For the workers, 18th July has never been the defining moment of their agony. The enormous workload, the absolute denial of any paid leave and the deduction of almost 50% of the monthly salary on account of just a few days of absence are what constitute the major part of their narrative of the Maruti story. The 2,600 employed on contractual basis would add to this list the pittance they received as a salary, life under the constant threat of losing their jobs, no transportation facility and the added humiliation and harassment at the hands of the contractors. It is no wonder then that the promise of their own union, a collective which could voice these countless personal agonies that none of them could individually raise, has been so precious to the workers and even their families. More precious than any “package” that was offered to them to surrender this one right, more precious even than the job many of them had worked so hard to get, in a
We invite you to be a part of a solidarity program along with Achin Vanaik; Anand Swaroop Verma; Arundhati Roy; Ashok Bhowmick; Bhasha Singh; Manglesh Dabral; Maya Rao; Pankaj Bisht; Praful Bidwai; Professor Jagmohan; Prashant Bhushan; Rahul Ram; Rajinder Sachar and others to express support and solidarity for the struggle of the workers of Maruti Suzuki.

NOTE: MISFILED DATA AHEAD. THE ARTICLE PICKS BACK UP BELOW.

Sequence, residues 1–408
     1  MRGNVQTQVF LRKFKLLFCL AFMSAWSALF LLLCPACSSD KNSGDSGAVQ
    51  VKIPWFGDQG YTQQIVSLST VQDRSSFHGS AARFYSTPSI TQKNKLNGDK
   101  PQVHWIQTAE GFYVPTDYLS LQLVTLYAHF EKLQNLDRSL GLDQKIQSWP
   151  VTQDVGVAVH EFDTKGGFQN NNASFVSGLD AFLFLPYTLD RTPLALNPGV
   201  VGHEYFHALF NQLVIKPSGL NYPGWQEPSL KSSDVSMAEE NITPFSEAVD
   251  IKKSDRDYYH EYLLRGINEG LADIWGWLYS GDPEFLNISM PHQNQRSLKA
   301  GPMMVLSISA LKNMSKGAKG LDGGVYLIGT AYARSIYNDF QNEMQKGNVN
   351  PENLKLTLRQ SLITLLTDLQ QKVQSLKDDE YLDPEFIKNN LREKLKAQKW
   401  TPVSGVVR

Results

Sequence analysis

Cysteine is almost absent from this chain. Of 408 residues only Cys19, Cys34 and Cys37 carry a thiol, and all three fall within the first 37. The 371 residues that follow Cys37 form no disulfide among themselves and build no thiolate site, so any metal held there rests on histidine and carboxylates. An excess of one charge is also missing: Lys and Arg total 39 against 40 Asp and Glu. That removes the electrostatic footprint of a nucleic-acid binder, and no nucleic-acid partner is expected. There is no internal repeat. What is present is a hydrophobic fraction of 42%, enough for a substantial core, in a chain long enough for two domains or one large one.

Date: Saturday, July 13 Time: 3pm to 6pm,Venue: The Indian Society International Law
auditorium, Bhagwan Das Road, New Delhi.
world where they knew that another such job would not be easy to come by having once been thrown out of a company like Maruti.
The Chandigarh High Court verdict dismissing the bail application of nine workers who have been in jail since July 2012 states, “The incident is a most unfortunate occurrence which has lowered the reputation of India in the estimation of the world. Foreign investors are not likely to invest their money in India out of fear of labour unrest.” On one hand, stand all the prospective foreign investors that India might have ever had, on the other, the entire lives of 147 innocent young men and their families. The fear of labour unrest among foreign investors that the Honourable High Court is so keen to allay is one deeply grounded in the knowledge of the brutally oppressive and exploitative work conditions prevalent across manufacturing units in the country.